Access road to the provincial park and way beyond, only 20 minutes west from Hearst. There are so many sideroads and so little time.
|GPS Coordinates are 49.742299, -84.009799.
Link on Google Maps
The Fushimi Road exit is 25 km west of Hearst in Ontario, off hwy 11. We drove about 50 km north and the road was compacted gravel and in good condition. Numerous side trails head in all directions. The trip was recorded with our Garmin GPS and can be viewed on
We had amazing weather, some clouds and there was no rain in the past few days. We prefer the dust over the wet dirt and mud. The Jeep has the original tires, the Bridgestone Dueler A/T. They served us well when pulling the trailer and going off-road. We never had an issue with them, until we explored the trail along the Missinaibi River. It is all documented on the next pages.
|This forest service road has many side trails. Basecamp at Fushimi Lake Provincial Park near Hearst to explore the lakes and bogs.
|Fushimi Road area is mostly Crown Land (Policy ID: G1729 ) and belongs to the Hearst, Nipigon, Wawa Districts. The lower section goes through the Fushimi Lake Provincial Park. Consult the Crown Land Use Policy Atlas from the Ministry of Natural Resources for current information. Provincial Parks are regulated by a different Policy ID. Be aware, there is usually no cell phone connection.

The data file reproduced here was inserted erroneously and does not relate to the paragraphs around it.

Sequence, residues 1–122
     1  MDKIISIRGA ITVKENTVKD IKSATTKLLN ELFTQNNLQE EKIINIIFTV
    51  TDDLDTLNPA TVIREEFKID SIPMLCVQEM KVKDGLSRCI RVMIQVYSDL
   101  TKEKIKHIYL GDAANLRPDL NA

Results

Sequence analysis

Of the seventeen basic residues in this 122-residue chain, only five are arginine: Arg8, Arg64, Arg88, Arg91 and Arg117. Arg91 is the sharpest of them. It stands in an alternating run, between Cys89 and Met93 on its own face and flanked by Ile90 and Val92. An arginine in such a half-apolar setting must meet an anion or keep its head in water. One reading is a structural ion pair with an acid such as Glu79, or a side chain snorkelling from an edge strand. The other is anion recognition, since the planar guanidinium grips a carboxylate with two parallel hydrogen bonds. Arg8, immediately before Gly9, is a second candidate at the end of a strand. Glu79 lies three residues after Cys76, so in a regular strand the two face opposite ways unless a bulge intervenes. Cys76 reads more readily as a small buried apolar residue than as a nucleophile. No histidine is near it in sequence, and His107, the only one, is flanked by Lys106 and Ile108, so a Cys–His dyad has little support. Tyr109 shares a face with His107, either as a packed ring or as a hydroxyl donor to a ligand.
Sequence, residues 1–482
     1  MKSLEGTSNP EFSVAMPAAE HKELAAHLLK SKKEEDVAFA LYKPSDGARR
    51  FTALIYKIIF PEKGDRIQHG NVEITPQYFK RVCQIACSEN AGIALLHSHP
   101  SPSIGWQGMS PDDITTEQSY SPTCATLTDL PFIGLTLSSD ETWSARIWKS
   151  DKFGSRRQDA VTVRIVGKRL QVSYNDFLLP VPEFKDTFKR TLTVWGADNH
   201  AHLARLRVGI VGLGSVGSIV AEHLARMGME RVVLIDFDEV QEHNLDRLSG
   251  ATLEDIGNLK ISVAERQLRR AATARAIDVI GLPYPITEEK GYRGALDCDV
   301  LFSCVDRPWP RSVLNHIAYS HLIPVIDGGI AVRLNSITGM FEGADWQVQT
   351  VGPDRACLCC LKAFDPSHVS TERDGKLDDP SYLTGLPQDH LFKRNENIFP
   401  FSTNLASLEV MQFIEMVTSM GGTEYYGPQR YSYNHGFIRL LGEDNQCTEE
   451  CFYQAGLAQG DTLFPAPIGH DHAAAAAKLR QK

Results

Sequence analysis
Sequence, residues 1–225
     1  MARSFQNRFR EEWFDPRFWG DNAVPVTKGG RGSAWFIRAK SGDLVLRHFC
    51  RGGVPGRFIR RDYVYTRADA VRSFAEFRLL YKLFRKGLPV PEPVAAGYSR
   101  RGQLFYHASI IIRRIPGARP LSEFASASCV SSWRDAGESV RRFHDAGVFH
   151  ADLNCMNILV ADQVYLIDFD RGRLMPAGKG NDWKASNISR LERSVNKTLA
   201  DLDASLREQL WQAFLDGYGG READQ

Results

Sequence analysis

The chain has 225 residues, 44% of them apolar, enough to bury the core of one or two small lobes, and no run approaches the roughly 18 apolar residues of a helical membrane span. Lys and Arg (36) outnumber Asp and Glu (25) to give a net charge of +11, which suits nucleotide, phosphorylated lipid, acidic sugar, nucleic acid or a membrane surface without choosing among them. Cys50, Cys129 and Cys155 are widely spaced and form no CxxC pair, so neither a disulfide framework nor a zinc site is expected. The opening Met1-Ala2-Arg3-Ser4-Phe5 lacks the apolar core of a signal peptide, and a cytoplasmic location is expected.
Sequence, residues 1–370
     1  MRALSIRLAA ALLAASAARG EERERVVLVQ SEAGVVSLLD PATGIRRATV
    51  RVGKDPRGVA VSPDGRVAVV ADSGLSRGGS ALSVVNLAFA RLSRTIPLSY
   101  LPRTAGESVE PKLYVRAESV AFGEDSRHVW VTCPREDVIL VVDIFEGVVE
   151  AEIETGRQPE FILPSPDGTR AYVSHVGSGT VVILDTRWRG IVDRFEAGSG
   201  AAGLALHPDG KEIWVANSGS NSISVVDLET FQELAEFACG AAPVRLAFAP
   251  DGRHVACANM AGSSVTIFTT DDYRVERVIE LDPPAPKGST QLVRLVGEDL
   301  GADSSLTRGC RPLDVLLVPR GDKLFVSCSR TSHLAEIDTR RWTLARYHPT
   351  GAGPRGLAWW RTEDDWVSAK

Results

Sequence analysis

We took many pictures of the Jeep. That was the only 'beast' around, no signs of wildlife along our path. It was already 4:30 by the time we left the camp site and we didn't plan to stay past sunset. It is not a matter of food or water, that we always carry with us. Even a minor incident during a 'quick' trip can escalate into a major problem if you have no water or food to last at least 24 hours. Venturing into the wilderness with one vehicle, no cell phone connection and dusk only a few hours away does require some preparation and readiness. We carry the SPOT X two-way text messaging satellite device. We wrote about it back in 2019 when we bought the subscription. So far, we haven't used it, but we got some first-hand exposure during a trip last year. See the link at the end for the SPOT X document.
Many side trails looked inviting to find out what's further down the trail. Some we drove in, but most were not worth the risk. When we don't see active tracks, we usually walk the first part of the trail. Even the initial inspection is no guarantee. Sometimes the trail just ends in a mud or water hole. With no place to turn, reversing out of a narrow trail is the only option. Our Jeep has a rear view camera installed and we are both very comfortable to drive backwards with only the mirrors. Personally, I use the camera to watch for pedestrians when backing into a parking spot (or out of the driveway). Another rule we have, "Always inspect the bridges first". These are unserviced roads and even steel construction will fail in these weather conditions.
When the sun sets along Fushimi Road, the perfect camping spot is not far. We passed many meadows and openings beside the road that would be ideal for several vehicles.